Making Choices With Less Anxiety

Making choices can be anxiety provoking, especially if our ideas about the decision are riddled with judgments.

Getting rid of self-criticism when making choices does not guarantee that we will make better choices, just that we will make them with more confidence or at least less worry.

We put pressure on ourselves by considering our choice options as being right or wrong, good or bad, positive or negative, fortuitous or disastrous. Instead, we can consider our options in light of the “Two P's,” which are practicality and preference.

Simple Decision-Making Technique: The Two P's

With our reason and logic we can look at our choices in the practical terms of what will work best meet our needs, the quality of each option, economic feasibility, possibly short, and long-term consequences for ourselves and others.

With our inner child, our feelings, and our desires we can tune into what we like, prefer, and what makes us happy. It’s OK to choose what makes us happy.

Practicality requires research, assessment, and judgment. We can give these activities our best effort. Our preferences are what they are and require no explanation. The best we can do is weigh the Ps in a balance and then make our decision.

If our choice options balance out equally in practical terms, we are free to choose according to our preference, or what we like. In other words, if all options are equally practical, pick the favorite option.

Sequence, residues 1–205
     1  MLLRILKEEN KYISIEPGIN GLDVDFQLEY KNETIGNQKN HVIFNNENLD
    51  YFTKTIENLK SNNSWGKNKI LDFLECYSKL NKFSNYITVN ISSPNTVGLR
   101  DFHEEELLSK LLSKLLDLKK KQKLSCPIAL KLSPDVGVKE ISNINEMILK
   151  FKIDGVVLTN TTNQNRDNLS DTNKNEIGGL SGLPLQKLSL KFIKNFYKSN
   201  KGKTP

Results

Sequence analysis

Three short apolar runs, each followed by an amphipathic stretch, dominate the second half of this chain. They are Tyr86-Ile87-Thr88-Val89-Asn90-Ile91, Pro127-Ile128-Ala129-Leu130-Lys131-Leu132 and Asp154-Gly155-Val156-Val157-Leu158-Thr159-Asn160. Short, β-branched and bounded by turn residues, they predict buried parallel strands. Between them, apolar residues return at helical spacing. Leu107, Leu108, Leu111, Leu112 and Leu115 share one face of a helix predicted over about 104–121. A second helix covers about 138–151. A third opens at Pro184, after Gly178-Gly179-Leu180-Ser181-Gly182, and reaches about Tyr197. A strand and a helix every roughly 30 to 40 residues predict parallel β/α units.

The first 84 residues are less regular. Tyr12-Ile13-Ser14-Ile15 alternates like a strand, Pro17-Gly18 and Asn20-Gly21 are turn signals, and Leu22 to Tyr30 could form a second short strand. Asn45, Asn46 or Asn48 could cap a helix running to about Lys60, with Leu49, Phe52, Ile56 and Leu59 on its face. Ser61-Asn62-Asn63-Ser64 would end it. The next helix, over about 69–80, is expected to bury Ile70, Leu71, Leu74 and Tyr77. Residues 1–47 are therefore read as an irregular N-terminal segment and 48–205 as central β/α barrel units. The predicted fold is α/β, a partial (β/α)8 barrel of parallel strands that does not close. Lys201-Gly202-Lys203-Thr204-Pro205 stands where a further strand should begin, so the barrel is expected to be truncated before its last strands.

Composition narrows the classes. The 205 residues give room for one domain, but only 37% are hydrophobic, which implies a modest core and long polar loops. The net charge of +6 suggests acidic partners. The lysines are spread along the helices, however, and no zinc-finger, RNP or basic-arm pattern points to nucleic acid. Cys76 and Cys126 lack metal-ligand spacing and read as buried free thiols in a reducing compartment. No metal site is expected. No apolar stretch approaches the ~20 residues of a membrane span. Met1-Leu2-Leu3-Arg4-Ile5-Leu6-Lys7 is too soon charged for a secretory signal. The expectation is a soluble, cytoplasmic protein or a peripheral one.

If there are practical differences in our choice options, our preferences need to be considered in light of those differences. In other words, if some options are more practical than others, pick one that most closely matches what you want.

Responsibility and Confidence

To choose is to take responsibility for our life, and taking responsibility gives us confidence. We may not like the result of every decision we make, but when we make them our life belongs to us; we make it our own.

“Life is the sum of our choices,” said Albert Camus. We can allow our lives to proceed according to other’s wishes, or we can float along by default, or we can make our own choices and know who we are. Whichever way we proceed, life happens.

General Patton believed that moving forward with a bad plan was better than not having a plan. He understood one of the “secrets” of making decisions with confidence. We make our decisions “right” (as of right as possible) by putting all our energy into them and moving forward. Some decisions that people end up calling “bad” are actually choices that died from being infused with doubt.

Likes and Dislikes

Knowing our likes and dislikes is necessary for our psychological well-being. Our most basic sense of identity comes from knowing what we want or don’t want. Sometimes people who say they have no idea who they are have lost touch with their likes and dislikes, or fear to express them.

Do you prefer green or blue? Do you like hot sauce on your chicken wings or not? These seemingly unimportant preferences underpin our sense of self in the physical world, and without them, we might feel as if we don’t exist. We may not always get what we prefer, but it feels good to know what that is. Expressing preferences makes us visible to our self and helps us consider our choices.

Photo: Free Stock Photos

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